The category of content words--that is, parts of speech (or word classes) that readily accept new members. Contrast with closed class.
The open classes in English are nouns, lexical verbs, adjectives, and adverbs.
Examples and Observations:
- "All the words in a language can be broadly divided into two categories, open and closed. The closed category is so called because it does not easily accept new words. Its members are fixed and do not usually change . . .. The open category . . . contains nouns, verbs, adverbs, and descriptive adjectives--exactly those parts of speech that remain open to new additions . . ..
"Words in the open category are usually further divided into simple and complex words. Simple words contain just one morpheme (house, for example, or walk, slow, or green), whereas complex words contain more than one (houses, walking, slowly, or greenest)."
(Thomas E. Murray, The Structure of English. Allyn and Bacon, 1995)
- "Examples of open-class words are those belonging to the major part-of-speech classes (nouns, verbs, adjectives, and adverbs), which in any language tend to be quite large and 'open-ended.' that is, an unlimited number of new words can be created and added to these classes. . . .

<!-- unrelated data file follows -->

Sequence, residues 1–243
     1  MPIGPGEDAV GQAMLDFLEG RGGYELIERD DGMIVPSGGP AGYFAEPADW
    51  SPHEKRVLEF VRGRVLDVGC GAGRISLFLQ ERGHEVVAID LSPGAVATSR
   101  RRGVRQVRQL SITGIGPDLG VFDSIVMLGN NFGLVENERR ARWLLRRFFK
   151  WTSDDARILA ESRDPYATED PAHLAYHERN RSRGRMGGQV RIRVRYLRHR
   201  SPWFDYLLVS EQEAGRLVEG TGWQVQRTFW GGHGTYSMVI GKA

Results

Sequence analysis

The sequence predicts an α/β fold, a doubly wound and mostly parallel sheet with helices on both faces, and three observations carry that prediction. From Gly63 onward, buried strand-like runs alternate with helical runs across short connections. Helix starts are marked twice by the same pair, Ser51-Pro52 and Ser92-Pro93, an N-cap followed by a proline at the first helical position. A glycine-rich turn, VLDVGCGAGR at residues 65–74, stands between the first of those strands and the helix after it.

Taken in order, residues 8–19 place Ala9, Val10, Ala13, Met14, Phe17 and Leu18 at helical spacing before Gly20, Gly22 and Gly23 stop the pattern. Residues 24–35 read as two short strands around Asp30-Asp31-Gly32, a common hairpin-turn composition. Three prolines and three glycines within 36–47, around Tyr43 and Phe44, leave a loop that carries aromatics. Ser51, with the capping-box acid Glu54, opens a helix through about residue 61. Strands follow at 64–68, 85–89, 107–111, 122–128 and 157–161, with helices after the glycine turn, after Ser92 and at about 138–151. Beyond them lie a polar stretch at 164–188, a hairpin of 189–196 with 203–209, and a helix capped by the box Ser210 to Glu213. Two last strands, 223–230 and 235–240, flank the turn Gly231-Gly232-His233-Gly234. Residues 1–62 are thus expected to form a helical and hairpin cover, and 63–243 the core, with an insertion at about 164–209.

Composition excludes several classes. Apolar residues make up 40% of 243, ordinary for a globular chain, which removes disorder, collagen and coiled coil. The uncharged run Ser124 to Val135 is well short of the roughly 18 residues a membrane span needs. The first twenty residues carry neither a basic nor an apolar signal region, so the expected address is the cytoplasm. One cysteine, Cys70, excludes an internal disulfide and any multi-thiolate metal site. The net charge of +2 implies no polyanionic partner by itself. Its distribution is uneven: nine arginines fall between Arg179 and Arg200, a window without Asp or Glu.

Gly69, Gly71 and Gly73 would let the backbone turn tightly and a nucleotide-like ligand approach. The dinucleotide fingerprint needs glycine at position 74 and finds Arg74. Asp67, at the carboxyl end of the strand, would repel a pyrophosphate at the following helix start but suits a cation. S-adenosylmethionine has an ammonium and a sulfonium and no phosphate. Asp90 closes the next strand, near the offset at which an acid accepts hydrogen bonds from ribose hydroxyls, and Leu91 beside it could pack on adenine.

"One familiar variety of language in which the distinction between open-class words and closed-class words is important is known as telegraphic speech. The term telegraphic derives from the kind of language used in telegrams, where considerations of space (and money) force one to be as terse as possible. HAVING WONDERFUL TIME; HOTEL GREAT; RETURNING FLIGHT 256; SEND MONEY; STOP. Generally speaking, in telegraphic forms of language the open-class words are retained, whereas the closed-class words are omitted wherever possible."
(Adrian Akmajian, et al., Linguistics: An Introduction to Language and Communication. MIT, 2001)